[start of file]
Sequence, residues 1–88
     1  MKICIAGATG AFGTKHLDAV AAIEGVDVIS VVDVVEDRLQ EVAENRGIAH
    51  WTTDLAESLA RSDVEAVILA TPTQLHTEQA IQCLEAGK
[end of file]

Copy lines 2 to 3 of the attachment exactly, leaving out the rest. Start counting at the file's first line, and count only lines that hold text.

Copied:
     1  MKICIAGATG AFGTKHLDAV AAIEGVDVIS VVDVVEDRLQ EVAENRGIAH
    51  WTTDLAESLA RSDVEAVILA TPTQLHTEQA IQCLEAGK